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Thread: Immediate cause vs. direct and indirect cause.

  1. #1
    The Green Jolly Robin H. Array GarrotTheThief's Avatar
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    Oct 2014

    Default Immediate cause vs. direct and indirect cause.

    When it comes to crime and punishment there is a gap between white collar crime and blue collar crime.

    We have for example a killer who is the product of his environment who is sentenced to death but we know the killer was the product of crime which is a direct cause of white collar crime. In fact white collar crime is a catalyst for murder and other crimes that have a high frequency among the destitute and disenfranchised.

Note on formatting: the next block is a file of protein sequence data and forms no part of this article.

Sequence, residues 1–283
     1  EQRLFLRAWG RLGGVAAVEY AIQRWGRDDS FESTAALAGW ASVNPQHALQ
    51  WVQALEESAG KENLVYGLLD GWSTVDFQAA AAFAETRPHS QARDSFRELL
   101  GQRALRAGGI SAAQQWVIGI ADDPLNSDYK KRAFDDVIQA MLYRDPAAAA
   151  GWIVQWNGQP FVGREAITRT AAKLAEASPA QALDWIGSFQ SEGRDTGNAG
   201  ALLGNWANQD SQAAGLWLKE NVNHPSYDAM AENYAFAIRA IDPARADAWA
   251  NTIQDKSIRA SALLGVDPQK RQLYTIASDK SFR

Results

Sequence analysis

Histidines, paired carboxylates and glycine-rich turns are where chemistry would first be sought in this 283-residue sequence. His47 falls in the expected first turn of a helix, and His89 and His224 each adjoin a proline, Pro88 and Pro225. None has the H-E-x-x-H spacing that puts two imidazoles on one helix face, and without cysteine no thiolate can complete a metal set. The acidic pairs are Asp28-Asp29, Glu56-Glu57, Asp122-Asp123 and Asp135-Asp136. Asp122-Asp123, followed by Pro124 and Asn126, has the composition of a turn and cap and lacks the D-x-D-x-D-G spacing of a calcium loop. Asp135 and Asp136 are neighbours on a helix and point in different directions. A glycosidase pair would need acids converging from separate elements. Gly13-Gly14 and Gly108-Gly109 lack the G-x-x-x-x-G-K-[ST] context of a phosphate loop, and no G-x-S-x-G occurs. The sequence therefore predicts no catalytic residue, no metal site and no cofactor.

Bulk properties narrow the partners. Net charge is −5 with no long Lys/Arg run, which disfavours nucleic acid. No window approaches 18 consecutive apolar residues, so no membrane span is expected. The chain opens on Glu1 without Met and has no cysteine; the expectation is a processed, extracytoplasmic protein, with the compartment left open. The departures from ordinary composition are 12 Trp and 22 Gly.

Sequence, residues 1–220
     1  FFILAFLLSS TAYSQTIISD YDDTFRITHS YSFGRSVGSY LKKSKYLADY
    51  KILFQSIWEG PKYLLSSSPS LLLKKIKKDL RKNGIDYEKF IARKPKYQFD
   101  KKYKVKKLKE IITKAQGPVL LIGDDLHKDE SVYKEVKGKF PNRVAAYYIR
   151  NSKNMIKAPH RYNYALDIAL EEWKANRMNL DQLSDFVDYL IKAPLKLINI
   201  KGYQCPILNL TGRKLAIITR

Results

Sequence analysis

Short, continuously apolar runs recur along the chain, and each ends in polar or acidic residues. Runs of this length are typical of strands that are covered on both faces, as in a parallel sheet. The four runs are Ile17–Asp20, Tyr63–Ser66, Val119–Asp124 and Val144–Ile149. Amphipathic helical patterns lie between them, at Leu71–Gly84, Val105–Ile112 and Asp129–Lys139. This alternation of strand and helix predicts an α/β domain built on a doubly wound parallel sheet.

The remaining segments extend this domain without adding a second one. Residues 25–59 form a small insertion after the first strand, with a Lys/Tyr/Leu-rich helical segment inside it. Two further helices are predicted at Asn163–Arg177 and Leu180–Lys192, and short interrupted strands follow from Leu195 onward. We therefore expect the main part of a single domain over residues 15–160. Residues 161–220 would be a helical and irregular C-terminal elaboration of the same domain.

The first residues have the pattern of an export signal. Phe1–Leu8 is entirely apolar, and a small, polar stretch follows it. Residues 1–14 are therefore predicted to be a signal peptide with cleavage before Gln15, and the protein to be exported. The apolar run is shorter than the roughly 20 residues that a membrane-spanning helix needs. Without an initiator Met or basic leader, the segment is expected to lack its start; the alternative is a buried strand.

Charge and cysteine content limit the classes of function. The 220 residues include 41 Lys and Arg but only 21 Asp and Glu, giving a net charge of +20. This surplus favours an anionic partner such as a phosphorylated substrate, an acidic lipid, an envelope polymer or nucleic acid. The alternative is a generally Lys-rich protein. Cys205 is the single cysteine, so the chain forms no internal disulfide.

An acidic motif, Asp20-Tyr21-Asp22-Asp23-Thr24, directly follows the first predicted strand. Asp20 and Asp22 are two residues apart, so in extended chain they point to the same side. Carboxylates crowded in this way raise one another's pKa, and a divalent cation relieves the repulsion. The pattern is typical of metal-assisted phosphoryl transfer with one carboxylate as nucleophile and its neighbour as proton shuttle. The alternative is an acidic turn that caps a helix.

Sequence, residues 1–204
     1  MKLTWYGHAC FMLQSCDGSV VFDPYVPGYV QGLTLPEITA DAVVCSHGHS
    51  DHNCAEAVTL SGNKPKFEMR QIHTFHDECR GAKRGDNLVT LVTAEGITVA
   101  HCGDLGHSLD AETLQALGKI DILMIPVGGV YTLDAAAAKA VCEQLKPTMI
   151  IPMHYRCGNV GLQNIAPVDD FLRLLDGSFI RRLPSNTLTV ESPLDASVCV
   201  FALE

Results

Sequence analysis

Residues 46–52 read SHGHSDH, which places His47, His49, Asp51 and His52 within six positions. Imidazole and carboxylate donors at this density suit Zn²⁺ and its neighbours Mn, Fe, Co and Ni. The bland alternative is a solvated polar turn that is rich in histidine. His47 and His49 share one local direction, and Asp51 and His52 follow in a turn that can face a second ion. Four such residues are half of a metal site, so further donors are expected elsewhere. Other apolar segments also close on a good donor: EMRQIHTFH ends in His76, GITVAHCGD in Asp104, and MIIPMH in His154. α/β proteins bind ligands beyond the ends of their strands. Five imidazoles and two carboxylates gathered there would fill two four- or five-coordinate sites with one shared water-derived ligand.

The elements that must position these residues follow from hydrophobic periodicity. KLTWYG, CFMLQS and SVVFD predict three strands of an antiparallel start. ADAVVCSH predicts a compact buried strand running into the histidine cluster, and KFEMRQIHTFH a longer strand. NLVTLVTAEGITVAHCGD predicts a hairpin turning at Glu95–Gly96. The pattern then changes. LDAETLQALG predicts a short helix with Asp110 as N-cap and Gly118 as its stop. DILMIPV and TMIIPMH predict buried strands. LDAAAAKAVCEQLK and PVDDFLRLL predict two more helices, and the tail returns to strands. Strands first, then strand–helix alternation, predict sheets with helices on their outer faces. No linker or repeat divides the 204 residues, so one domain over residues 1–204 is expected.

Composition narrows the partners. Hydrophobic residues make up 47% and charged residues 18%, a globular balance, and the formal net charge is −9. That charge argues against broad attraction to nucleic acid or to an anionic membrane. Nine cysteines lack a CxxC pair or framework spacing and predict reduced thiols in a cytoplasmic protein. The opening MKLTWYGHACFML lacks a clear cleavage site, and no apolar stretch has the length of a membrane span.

So why then, for example do we let people comit white collar crimes with a slap in the wrist when we know that one guy doing one white collar crime will inevitably lead to 15-100 murders and why do we so violently believe that punishing someone using a corporal system of punishment which is a direct evolution from slavery and actually increases even more violent crime as a statistical fact will work?

    Well....society is not as functional as biology. As a society we refuse to take responsibility. We point the finger at the man who deals the blow but we never take responsibility for our direct contribution.

    The reason is because we are subjective, biased, religious in our belief that immediate equals direct which is false.